So my mom is battling the aggressive enemy of ovarian cancer. I’m praying many Gospel prayers, prayers for healing, prayers offered in earnest faith to the God of the Universe, my Dad, who loves me, loves my mom … and despises cancer. And I’m think a lot about these things and have had good wrestlings about the subject I write about this morning. Perhaps my wrestling will come clearer as I write it out … and may be of some benefit to you.
James 5 teaches us to pray for those who are suffering (5:13), to have the elders pray over one who is sick (5:14), to offer prayers of faith for healing (5:15), and to confess sin and pray for one another (5:16). Then we are directed to the ministry of Elijah who prayed prayers of faith to God and he was heard, and God answered as Elijah requested (5:17-18). I have long admired the ministry of George Mueller who prayed for clear evidences that you could trust God in his ministry to orphans so people would believe in his prayer-answering God. There is no doubt about it, the Bible links faith and prayer. Our faith in the power and promises of God fuels our prayers, and a praying life fuels our faith. We have a God who is near to us in our suffering, and whose arm is not too short to save. Though the Fall has reversed Paradise and Satan seeks to devour, God still has rule and authority over His creation as the architect and sustainer of all things. He has healed, will heal, and does heal today! And so Jesus-loving, Bible-trusting, Spirit-led, Father-adoring people will live lives where prayer is as central as breathing. And at times our prayers are in alignment with the sovereign will of the Father, and He answers … not simply because He does whatever He wants and our prayers happened to land on His number, But in some strange and gracious way through the earnest prayers of faith of His children. And at other times we pray, with the limited vision of finite people, and the Spirit intercedes on our behalf for what He knows we most need, and the answer is something far greater (though different) than what we have asked for. [I find it interesting that Mary and Martha in John 11 both were convinced of Jesus’ power to heal the sick and were sad when Jesus didn’t show up in time to heal their brother Lazarus. All the while, He was coming to do something far greater … He came to demonstrate His power not only over sickness, but over death itself.]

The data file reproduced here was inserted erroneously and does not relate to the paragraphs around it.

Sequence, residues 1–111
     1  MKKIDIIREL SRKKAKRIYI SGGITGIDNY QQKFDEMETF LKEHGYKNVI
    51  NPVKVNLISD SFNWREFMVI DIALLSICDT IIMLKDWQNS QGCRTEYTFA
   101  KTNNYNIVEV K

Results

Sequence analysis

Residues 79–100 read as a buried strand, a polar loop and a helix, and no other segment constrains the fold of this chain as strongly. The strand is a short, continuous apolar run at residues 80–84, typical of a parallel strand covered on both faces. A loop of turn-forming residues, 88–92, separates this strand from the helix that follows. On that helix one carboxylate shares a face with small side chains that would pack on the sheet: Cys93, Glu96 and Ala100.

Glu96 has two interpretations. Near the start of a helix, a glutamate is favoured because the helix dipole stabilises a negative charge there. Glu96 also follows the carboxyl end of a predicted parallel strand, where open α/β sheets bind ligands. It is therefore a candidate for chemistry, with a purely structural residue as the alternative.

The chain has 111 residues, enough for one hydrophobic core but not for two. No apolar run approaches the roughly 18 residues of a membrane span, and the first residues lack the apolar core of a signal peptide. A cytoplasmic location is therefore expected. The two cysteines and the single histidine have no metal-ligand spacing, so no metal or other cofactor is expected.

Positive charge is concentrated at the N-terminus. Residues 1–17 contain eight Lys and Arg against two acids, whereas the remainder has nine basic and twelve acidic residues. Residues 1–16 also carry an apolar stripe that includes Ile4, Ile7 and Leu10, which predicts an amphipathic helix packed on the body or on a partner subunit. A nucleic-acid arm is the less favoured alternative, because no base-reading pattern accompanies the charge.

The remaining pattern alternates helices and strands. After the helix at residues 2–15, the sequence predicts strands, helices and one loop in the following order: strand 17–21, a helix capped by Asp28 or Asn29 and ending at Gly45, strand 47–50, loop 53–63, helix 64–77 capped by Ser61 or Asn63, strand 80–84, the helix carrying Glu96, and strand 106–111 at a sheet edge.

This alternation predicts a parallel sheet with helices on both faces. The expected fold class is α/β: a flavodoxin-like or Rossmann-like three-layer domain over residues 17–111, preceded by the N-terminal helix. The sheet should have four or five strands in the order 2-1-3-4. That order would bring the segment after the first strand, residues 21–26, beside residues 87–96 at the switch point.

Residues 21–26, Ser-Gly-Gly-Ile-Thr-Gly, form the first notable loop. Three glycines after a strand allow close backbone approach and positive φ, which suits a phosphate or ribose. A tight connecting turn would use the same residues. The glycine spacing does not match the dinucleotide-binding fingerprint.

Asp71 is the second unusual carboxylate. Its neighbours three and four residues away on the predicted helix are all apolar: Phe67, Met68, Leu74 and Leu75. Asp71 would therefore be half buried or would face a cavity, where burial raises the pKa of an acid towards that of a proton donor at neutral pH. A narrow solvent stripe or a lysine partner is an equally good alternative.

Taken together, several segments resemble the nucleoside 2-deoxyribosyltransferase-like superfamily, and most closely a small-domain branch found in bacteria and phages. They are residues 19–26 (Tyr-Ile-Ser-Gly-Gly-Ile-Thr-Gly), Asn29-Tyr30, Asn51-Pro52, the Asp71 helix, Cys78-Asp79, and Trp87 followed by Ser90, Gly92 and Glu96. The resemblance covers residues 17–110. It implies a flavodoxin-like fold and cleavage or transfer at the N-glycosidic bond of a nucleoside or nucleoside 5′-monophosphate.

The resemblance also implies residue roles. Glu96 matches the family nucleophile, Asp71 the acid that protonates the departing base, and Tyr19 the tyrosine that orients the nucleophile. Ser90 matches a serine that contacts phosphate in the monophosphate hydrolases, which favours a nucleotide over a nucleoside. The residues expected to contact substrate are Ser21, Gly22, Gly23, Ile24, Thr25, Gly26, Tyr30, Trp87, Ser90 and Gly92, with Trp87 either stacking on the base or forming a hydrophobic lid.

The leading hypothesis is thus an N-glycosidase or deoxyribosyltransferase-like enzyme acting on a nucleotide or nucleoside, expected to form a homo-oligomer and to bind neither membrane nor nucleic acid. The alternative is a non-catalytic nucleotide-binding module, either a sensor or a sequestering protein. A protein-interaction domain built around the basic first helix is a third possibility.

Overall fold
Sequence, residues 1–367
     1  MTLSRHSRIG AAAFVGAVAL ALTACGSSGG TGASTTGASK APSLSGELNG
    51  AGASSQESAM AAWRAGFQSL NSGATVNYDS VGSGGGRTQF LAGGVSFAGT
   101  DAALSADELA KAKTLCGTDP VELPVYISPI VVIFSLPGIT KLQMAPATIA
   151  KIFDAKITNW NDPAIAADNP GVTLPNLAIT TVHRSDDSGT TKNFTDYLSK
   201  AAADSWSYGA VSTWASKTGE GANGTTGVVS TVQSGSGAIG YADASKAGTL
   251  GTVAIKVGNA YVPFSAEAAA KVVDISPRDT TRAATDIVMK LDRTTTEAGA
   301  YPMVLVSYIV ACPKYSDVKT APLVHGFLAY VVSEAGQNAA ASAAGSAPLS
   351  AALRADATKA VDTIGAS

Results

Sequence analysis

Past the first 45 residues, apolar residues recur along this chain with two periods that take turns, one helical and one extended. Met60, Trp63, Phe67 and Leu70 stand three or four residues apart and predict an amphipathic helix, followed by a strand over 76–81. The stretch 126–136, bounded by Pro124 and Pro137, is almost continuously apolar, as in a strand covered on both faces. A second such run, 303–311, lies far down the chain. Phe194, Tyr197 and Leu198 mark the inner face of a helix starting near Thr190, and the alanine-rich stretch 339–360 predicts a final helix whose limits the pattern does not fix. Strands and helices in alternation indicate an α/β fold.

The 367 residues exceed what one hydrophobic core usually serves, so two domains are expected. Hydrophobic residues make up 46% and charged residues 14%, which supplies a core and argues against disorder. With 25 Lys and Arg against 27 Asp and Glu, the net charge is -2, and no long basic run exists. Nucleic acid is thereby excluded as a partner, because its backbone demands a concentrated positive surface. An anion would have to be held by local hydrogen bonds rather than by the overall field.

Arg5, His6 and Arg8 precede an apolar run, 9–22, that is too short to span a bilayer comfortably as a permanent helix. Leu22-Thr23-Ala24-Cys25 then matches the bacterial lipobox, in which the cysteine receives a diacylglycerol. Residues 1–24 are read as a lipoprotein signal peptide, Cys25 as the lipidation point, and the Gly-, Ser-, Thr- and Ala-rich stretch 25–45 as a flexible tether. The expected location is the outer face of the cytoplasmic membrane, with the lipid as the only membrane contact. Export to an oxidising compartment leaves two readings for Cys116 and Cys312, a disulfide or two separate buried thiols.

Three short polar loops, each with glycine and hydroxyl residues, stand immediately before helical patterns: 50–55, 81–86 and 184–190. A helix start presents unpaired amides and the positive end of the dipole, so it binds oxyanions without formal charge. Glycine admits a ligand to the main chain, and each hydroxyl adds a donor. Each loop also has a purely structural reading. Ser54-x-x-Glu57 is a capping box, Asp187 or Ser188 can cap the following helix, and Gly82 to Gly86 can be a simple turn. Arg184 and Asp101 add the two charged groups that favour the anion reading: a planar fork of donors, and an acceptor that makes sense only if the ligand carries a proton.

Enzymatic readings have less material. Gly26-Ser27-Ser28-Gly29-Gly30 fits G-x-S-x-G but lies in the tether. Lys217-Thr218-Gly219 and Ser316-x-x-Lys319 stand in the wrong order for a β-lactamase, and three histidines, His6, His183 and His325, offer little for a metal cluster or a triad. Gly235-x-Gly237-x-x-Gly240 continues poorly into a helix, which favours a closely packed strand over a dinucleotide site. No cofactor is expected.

Now come to Gospel thinking with me. We trust the completed work of Christ as the all-sufficient sacrifice for sin, the rescue of fallen man, and victory over the power and penalty of sin and death. We believe that those called by God and adopted into the family are already redeemed, cleansed, and healed. Jesus conquered sin and death on the cross, and Satan is a defeated foe. Therefore, my mom, as a beloved daughter of God, is whole. She has been redeemed from her sin, is constantly being refined, and her glorification is spoken of as something that she is already in possession of (Romans 8:30). Does it not take great faith to believe this? Absolutely! To put your trust in a God you cannot see, embracing the historicity of calvary that you were not there for, holding fast to the infinite ramifications of this message that have been settled in eternity. Great faith! So when we pray for physical healing we have, in some sense, competing components of faith. On one hand, the faith that says all is well with my soul no matter what calamity, sickness, or suffering comes my way. And on the other hand, the faith that seeks God for comfort, healing, and deliverance from our present troubles. Thus, the rub …
Are you familiar with the teaching that says if you are not being healed it is because you don’t have enough faith? The proponents of this of course mean well (I’m giving the benefit of the doubt here). They seek to stir up greater faith to see greater works to receive greater gifts. But does not that call to faith, or “prayer of faith” undermine our faith that the Gospel has done it all? That indeed ‘It Is Finished’? That the work of Jesus has already healed our greatest disease? That the present suffering is not worthy to be compared with our future glory? You see, when our righteous (James 5) prayers of faith are offered and we don’t get the physical healing answer our finite minds long for, to give the reason that you don’t have enough faith is actually showing that you don’t have enough faith in the Gospel. Those prayers of faith are actually no longer about faith. They end up being more about what you want done then what Christ has already done for you.
Friends, trusting the work of the Gospel does not undermine praying great prayers of faith (ala Elijah and Mueller), but praying superstitious “prayers of faith” shows little faith in the truly greater things of the works of God. I thank God that my mom is already healed. She has been delivered from sin, death is defeated, and glory is hers. I embrace that by faith! And I pray earnestly for her physical deliverance. I’m not ready to be parent-less, and she’s far too young to not get to play with her grandkids anymore or see her daughter get married. So I pray in faith, with faith in the Gospel, to my Sovereign God who always knows best and accomplishes His purposes for His glory!